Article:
LONDON (Reuters) -Britain has no plans to change its approach to reducing net migration in order to help secure a free trade deal with India, the spokesperson for Prime Minister Rishi Sunak said on Thursday.
There is growing optimism that a free trade deal between the countries could be concluded this year, as both sides agree on the broad contours of the pact, though the remaining topics to be discussed are some of the difficult.
Sunak, who heads to India for a G20 summit this weekend, told his ministers this week that negotiations were progressing but that he would only agree an approach that worked for the whole of Britain.
In June, trade minister Kemi Badenoch said Britain would discuss temporary business visas as part of trade talks but not broader immigration commitments or access to Britain's labour market for Indian workers.
"The prime minister believes that the current levels of migration are too high ... To be crystal clear, there are no plans to change our immigration policy to achieve this free trade agreement and that includes student visas," Sunak's spokesperson told journalists.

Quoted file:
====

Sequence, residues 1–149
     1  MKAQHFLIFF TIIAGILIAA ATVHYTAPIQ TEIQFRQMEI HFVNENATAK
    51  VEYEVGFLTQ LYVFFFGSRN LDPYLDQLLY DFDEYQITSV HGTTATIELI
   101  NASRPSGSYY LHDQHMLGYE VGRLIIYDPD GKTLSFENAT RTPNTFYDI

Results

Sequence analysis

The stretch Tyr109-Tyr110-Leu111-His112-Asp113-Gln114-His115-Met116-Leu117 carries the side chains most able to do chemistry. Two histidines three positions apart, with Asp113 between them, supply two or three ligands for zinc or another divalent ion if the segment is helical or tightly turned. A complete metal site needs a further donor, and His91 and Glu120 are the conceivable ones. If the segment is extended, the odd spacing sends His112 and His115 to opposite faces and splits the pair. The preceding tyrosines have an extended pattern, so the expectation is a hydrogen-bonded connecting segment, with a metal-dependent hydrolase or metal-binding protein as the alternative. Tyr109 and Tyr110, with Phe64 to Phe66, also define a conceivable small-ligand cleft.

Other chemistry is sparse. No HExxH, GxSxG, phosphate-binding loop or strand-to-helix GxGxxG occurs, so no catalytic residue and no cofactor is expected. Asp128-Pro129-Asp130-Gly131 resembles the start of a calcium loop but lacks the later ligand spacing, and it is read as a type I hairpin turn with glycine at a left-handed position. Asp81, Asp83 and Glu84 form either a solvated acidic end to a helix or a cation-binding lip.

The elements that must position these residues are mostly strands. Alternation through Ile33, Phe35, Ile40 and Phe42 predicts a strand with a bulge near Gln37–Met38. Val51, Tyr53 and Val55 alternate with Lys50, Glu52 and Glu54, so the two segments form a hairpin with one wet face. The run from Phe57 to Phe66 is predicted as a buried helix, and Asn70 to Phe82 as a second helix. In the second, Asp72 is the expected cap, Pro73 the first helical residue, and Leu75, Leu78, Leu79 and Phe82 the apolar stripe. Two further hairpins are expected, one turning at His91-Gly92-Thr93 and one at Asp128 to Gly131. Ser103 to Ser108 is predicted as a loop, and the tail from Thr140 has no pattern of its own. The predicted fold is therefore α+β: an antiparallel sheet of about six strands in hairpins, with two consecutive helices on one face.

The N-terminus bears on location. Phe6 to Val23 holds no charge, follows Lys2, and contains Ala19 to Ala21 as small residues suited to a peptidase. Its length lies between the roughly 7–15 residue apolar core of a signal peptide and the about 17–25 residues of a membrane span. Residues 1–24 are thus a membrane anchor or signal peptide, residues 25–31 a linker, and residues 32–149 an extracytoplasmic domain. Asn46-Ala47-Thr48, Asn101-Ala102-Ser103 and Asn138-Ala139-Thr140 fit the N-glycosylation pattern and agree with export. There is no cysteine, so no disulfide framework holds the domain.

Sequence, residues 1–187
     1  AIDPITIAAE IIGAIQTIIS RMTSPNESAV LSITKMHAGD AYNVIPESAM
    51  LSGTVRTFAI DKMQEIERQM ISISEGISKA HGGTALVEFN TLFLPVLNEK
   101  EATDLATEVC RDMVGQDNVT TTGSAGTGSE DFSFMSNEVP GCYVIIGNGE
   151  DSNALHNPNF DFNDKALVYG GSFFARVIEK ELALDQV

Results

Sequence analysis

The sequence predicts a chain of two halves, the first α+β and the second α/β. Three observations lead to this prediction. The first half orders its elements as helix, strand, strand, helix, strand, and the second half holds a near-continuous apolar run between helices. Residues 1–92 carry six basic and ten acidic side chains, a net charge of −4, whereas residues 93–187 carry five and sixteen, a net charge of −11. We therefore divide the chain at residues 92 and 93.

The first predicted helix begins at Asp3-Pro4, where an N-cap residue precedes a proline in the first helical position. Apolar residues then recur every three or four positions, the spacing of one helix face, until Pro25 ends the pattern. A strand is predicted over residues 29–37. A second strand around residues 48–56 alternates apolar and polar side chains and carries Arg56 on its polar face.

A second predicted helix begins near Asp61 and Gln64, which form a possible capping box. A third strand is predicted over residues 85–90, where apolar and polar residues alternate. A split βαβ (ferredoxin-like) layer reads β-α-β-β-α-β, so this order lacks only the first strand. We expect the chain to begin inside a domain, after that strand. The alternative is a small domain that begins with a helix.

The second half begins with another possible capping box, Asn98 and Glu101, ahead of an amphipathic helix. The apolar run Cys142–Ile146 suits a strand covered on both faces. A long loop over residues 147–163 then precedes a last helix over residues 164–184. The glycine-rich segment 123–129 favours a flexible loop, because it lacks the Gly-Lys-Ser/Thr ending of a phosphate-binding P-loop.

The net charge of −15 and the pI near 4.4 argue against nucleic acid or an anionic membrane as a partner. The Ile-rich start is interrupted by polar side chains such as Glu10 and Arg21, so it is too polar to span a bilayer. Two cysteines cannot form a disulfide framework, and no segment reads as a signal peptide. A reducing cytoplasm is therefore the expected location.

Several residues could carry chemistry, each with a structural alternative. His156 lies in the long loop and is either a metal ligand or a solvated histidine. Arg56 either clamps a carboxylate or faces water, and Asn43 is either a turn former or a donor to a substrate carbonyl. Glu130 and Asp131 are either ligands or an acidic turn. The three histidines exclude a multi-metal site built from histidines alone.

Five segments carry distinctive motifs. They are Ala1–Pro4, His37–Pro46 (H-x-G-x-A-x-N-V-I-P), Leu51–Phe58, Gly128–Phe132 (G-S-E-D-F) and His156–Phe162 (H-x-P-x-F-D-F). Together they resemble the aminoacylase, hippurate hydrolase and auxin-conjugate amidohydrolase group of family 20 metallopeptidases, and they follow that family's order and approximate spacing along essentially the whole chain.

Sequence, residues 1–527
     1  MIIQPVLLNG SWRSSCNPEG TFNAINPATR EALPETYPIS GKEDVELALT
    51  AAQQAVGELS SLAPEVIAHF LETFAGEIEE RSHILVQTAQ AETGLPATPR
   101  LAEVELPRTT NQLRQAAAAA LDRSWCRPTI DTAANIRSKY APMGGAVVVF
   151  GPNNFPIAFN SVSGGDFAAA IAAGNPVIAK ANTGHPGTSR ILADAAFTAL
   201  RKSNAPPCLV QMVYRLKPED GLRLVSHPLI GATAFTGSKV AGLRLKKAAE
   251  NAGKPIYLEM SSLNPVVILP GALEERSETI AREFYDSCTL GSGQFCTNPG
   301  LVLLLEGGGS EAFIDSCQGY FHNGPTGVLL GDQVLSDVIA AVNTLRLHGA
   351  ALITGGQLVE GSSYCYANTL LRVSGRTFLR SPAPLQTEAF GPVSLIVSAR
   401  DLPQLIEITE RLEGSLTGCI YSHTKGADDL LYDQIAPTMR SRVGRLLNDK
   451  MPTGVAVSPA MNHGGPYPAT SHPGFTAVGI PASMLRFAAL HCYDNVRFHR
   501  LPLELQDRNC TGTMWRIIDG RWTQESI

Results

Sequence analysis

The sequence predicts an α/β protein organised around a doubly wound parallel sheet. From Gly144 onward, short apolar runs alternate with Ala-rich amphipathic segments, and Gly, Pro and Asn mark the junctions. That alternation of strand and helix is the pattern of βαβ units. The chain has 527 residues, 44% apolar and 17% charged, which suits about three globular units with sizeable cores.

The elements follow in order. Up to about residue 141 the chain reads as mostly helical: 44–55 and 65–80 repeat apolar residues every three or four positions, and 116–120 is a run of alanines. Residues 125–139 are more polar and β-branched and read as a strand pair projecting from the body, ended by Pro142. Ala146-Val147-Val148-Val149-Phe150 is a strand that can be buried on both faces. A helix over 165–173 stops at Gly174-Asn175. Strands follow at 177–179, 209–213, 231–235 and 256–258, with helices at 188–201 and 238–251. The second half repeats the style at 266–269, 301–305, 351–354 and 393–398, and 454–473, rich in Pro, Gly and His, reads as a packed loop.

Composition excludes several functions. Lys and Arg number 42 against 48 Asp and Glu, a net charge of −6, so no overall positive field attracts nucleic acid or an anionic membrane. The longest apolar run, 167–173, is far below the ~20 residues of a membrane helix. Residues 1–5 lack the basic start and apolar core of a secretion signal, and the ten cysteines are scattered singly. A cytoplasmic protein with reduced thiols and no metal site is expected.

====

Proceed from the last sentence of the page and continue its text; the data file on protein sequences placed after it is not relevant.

Interior minister Suella Braverman last year sparked a row with comments about the possible impact of Indian migrants in trade talks, citing concern both with any "open borders migration policy with India" and those who overstay visas.
However India's High Commissioner to Britain Vikram Doriaswamy said that the notion India wanted more visas had been in the British press but not in Indian media.
"We never said that the visas are part of our ask," he told Times radio, adding that India instead sought simpler ways for companies to move UK and Indian nationals between the countries.
"We are not asking for migrants to be able to come here."
(Reporting by Andrew MacAskill, Alistair Smout and Elizabeth Piper; editing by Alex Richardson)